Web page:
“There was an eerie feeling, some­thing in the air,” Gober said. “It wasn’t a weather balloon or any­thing like that.”


Forging fakes


In the late 1960s, America was in the throes of the Vietnam War. The draft lottery tar­geted American men born between 1944 and 1950. According to Thompson, the Amer­icans were scared stiff of being drafted into the Vietnam War.

“The Canadian guys were all going around and saying, ‘Ha, ha, ha, we can’t get drafted. You’re gonna go up the river and end up in Nam. They can’t touch us’ and on and on and on,” Thompson said. “As a fellow Canuck, I thought, ‘That’s pretty arrogant. We gotta bring these guys down a peg.’”

Thompson con­cocted a plan with her roomate to send the Canadian guys fake draft notices. The letters said to report for a pre-induction medical. Thompson said she wanted to make sure the lan­guage sounded legit­imate and official. The letter even put reporting times in mil­itary time.

“It was before M*A*S*H*, so we couldn’t copy the lingo,” she said.

Thompson and her roomate tar­geted Cana­dians who held jobs on campus. If a foreign national held employment in the United States, there was a chance they could be drafted.

“They were just working part-time and it probably didn’t make any dif­ference,” Thompson said. “But we knew we could scare the bejesus out of them.”

Thompson and her roomate fol­lowed up the letters with a call. They made the back­ground noise sound like an office with chatter and slamming drawers. Thompson went up to the student union to see how her friends were doing.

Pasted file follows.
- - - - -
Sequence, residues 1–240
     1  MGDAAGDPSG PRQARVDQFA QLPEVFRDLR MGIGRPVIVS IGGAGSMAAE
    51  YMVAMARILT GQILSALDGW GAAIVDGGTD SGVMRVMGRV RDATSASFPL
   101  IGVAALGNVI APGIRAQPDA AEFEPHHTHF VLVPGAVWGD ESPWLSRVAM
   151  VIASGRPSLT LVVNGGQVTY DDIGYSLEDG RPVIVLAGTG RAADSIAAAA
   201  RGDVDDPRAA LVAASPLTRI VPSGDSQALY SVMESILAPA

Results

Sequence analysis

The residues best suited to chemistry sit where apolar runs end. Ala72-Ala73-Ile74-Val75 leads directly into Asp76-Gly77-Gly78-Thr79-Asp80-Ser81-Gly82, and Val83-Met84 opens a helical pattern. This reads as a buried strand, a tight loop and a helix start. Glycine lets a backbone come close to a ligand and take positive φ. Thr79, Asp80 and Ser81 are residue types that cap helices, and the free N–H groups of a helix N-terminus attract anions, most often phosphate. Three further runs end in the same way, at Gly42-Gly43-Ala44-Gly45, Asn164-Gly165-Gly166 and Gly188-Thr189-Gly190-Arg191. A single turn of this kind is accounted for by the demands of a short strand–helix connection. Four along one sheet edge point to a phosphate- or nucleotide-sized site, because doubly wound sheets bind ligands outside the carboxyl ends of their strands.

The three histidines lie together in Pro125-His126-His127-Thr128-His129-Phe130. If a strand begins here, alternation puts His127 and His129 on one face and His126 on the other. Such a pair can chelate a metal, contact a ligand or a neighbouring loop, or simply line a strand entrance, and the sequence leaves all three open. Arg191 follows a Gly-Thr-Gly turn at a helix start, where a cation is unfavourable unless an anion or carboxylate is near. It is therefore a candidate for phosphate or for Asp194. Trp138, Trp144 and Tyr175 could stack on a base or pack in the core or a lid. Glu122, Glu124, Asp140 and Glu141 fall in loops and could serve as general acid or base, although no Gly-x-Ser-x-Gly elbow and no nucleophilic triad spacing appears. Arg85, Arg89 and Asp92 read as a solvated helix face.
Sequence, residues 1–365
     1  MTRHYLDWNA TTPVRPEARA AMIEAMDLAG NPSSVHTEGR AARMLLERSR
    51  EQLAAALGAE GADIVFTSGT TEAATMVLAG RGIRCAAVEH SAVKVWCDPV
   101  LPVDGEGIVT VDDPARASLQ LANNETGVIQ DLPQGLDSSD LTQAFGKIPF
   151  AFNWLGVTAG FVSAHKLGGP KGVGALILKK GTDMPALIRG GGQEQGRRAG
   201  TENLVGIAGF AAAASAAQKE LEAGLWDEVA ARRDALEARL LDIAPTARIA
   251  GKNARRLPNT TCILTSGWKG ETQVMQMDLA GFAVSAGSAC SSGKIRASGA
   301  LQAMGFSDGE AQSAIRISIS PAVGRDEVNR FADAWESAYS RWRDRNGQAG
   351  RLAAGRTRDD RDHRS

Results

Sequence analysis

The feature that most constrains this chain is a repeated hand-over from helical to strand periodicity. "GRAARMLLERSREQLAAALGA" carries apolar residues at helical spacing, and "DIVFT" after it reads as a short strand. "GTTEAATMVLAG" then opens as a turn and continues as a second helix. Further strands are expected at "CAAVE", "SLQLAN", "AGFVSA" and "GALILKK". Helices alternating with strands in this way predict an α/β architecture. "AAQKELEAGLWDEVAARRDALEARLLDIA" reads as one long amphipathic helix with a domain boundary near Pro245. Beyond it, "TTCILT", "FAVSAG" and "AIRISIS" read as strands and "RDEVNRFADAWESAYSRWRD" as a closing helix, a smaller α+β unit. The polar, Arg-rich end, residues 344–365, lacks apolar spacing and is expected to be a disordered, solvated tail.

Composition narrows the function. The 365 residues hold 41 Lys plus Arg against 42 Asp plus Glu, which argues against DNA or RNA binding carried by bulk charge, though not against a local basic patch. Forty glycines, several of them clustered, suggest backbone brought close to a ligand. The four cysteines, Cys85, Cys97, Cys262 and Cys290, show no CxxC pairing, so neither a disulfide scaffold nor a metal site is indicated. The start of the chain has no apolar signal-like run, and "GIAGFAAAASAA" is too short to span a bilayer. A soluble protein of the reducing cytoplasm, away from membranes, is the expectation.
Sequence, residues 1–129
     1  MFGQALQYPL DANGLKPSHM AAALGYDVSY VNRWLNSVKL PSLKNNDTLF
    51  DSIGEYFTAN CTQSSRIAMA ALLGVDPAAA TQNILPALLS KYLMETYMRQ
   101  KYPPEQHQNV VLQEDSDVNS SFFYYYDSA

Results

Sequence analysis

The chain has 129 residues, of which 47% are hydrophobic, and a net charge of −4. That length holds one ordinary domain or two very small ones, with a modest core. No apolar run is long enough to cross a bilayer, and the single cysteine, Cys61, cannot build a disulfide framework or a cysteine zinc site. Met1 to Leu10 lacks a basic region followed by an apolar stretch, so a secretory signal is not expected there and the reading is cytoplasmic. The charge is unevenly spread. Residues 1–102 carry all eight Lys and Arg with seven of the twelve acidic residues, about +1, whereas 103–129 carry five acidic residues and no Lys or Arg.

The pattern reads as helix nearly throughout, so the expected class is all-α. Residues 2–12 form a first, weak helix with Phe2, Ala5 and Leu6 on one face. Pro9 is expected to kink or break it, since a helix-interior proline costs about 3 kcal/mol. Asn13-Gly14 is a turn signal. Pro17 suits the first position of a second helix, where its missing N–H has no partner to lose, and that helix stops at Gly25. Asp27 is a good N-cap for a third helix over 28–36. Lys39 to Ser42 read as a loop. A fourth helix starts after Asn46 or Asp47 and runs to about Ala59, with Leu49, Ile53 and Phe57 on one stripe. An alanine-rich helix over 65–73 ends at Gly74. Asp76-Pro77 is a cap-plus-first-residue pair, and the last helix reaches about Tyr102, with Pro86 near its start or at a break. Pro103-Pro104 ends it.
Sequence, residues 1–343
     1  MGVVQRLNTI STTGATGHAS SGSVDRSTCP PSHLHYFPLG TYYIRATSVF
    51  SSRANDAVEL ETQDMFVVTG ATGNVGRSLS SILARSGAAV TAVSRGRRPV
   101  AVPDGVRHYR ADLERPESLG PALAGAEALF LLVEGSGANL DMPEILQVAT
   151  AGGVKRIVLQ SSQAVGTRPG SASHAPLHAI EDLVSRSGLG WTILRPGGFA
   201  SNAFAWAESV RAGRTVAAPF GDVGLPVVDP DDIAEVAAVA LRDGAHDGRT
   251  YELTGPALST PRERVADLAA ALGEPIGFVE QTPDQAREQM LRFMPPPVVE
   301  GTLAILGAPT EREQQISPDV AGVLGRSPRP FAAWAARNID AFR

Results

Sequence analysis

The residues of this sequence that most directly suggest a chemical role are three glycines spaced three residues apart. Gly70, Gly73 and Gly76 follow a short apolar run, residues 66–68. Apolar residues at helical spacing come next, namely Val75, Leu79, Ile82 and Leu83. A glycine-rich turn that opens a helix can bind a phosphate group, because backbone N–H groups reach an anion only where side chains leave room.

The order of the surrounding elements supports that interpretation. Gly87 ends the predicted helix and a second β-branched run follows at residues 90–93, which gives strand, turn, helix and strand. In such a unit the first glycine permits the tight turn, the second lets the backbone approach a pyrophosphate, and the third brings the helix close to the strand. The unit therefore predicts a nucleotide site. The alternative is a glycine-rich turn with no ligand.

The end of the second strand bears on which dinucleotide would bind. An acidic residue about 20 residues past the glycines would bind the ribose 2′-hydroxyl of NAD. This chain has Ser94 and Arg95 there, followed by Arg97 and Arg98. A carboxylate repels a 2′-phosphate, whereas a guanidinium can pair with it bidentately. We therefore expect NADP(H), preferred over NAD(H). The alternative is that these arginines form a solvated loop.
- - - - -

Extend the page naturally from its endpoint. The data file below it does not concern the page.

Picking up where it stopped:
“The guys were pet­rified,” she said. “The blood was just draining from their faces.”

A few days later, however, Thompson heard the FBI was on campus inves­ti­gating fake draft notices.

“That door swung both ways, and we were pet­rified,” Thompson said. “We decided we wouldn’t say a word to anybody. Nothing. Zip. We didn’t tell a soul it was us.”

Doug Mus­grave ’69, who traveled around Europe with Thompson after they grad­uated, received a fake draft notice. Thompson is the god­mother to his son and great-god­mother to his grandkids. He found out that Thompson had sent his draft notice for the first time ever at the reunions last week. He said he was shocked and pan­icked when he received the fake notice.

“We all planned that we’d just head straight to the border and be out of here in five minutes,” Mus­grave said.


Advice for the ages


When asked what advice she had for stu­dents, Gober said to stick to your dreams.

“Be open to oppor­tu­nities,” Gober said. “Maybe that dream that you dream is not the dream. Maybe some­thing else will come along and you’ll rec­ognize it, so follow that.”

Thompson said that stu­dents should always pay attention to the people you meet on campus and the oppor­tu­nities they can give you,

“Keep your ears open and value all of them,” Thompson said. “Because life takes so many unex­pected twists and turns over the years, and you never know who you’re going to be seeing on TV, who’s going to be famous, and who can help you with your jobs or any­thing. Be very nice to the people you meet on the way up, because you meet the same people on the way back down.”